Originating from the connectionist movement of cognitive science, deep neural networks (DNNs) have had tremendous influence on artificial intelligence, operating at the core of today’s most powerful applications. At the same time, cognitive computational neuroscientists have recognised their promise to act as “Goldilocks” models of brain function: DNNs are grounded in sensory data, can be trained to perform complex tasks in a distributed fashion, are fully configurable/accessible to the experimenter, and can be mapped to brain function across various levels of explanation. This has led to a fruitful research cycle in which biological aspects are integrated into network design, and the corresponding networks are then tested for their ability to predict neural and behavioural data. This talk will present this emerging approach, which we call neuroconnectionism, as a cohesive large-scale research programme centered around ANNs as a computational language for expressing falsifiable theories about brain computation. I will describe the core of the programme as well as the underlying rationale and tools, before focusing on two recent streams of investigation that my lab is involved in. First, I will discuss a collaborative effort that uses linguistic deep neural network embeddings as models for visual processing. We show, based on recurrent neural network models, that transforming visual inputs into semantic scene descriptions may be a defining characteristic of the visual system. Second, I will describe our developments of end-to-end topographic neural networks that outperform convolutional architectures as models of both, cortical map formation and spatial biases in human visual behaviour. Together with the many exciting developments by the community, these results indicate that the neuroconnectionism research programme is highly progressive, generating new and otherwise unreachable insights into the inner workings of the brain.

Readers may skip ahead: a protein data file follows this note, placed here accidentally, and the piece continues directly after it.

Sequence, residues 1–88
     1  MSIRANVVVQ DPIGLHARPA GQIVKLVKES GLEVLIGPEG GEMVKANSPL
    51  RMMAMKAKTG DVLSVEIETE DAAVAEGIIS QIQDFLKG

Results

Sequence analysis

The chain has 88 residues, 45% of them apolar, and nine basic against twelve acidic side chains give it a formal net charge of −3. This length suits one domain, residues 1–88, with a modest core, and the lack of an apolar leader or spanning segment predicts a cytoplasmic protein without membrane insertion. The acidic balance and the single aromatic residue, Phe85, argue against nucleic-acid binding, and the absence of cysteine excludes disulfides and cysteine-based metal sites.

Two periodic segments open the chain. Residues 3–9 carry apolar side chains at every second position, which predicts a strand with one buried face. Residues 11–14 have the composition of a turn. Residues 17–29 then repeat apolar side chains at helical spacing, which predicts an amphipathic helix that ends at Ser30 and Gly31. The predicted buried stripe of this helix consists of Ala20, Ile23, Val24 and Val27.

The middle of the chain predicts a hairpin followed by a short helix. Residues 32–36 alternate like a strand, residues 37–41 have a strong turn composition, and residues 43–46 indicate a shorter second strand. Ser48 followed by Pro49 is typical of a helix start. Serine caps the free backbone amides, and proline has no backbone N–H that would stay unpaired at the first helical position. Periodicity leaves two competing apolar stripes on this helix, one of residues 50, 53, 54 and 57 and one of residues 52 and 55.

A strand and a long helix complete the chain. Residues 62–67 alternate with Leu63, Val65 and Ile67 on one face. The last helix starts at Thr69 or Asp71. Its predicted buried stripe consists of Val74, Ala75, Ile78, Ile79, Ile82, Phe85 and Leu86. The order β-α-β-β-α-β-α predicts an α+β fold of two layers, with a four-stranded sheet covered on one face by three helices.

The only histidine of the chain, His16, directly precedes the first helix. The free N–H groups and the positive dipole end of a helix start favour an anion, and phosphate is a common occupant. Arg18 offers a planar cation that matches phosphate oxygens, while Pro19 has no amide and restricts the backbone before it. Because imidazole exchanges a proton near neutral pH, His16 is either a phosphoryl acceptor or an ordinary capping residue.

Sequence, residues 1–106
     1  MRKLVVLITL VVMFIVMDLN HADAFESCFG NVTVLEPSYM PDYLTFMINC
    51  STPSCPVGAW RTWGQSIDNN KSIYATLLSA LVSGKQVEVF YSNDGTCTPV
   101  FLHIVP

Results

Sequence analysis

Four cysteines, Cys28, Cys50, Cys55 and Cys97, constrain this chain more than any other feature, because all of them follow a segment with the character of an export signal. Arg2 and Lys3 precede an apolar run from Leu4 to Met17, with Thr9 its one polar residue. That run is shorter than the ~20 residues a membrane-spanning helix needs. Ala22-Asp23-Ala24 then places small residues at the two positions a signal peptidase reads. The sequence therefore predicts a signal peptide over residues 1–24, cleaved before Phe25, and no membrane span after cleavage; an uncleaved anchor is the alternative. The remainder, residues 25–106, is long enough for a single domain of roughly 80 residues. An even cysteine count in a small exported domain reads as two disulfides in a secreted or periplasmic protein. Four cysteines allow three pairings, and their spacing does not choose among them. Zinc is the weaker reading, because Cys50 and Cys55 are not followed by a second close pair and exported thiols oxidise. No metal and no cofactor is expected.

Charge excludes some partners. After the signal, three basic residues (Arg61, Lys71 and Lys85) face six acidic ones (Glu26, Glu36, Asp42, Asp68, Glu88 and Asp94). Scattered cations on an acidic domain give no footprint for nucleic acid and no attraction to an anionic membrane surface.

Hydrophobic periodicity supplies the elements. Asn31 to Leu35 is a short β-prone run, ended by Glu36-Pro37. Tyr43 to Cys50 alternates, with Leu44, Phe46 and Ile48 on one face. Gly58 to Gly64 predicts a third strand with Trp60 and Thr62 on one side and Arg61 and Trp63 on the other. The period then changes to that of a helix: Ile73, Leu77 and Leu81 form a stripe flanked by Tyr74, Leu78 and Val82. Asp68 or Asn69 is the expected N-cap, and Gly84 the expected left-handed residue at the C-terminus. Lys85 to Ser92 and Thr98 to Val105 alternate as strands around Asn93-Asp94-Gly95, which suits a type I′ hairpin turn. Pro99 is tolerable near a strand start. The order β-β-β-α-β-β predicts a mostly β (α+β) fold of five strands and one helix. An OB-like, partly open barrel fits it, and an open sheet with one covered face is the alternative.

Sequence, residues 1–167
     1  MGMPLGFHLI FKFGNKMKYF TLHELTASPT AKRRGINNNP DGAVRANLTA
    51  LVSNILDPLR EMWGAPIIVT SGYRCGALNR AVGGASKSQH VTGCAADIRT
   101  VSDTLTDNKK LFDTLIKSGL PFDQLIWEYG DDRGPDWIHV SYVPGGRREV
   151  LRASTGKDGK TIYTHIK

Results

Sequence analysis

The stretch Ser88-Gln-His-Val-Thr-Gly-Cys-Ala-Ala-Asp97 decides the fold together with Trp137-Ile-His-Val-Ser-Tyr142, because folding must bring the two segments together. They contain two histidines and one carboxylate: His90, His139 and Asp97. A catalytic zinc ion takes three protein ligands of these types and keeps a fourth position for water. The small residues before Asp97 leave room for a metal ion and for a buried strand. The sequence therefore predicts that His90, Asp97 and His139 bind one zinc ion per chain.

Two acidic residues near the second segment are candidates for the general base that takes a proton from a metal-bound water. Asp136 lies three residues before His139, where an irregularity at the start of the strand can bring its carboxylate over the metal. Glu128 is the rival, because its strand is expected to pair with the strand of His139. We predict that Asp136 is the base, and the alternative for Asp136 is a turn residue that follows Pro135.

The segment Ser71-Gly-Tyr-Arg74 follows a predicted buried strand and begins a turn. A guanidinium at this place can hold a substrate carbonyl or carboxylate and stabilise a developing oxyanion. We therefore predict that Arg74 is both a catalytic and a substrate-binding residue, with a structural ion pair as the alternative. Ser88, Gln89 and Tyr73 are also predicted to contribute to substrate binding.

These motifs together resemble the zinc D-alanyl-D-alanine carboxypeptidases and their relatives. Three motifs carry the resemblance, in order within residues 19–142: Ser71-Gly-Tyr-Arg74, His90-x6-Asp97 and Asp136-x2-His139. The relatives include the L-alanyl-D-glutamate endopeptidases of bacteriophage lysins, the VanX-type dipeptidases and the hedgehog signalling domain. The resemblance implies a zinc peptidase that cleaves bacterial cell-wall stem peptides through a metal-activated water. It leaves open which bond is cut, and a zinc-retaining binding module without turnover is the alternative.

We, as robot engineers, have to think hard about our role in the design of robots and how it interacts with learning, both in "the factory" (that is, at engineering time) and in "the wild" (that is, when the robot is delivered to a customer). I will share some general thoughts about strategies for robot software design that combine machine learning with insights from natural intelligence and from classical engineering design. I will describe several research projects, both in the design of an overall architecture for an intelligent robot and in strategies for learning to integrate new skills into the repertoire of an already competent robot.
Cognition is distinctly different in humans compared to other animals. A unique feature of our species is natural language, but in this talk, I will argue that a competence for symbols and languages drives many other cognitive domains, such as our unique abilities for geometry, mathematics, or music. Even the mere perception of a square or a zig-zag is driven by minimal description length (MDL) and thus involves a search for the shortest “mental program” that captures the observed data in an internal “language of geometry”. Behavioral and brain-imaging experiments indicate that the perception of geometric shapes is poorly captured by current convolutional neural network models of the ventral visual pathway, but involves a symbolic geometrical description within the dorsal parieto-prefrontal network. I will argue that existing connectionist models do not suffice to account for even elementary human perceptual data, and that neural codes for symbols and syntax remain to be discovered.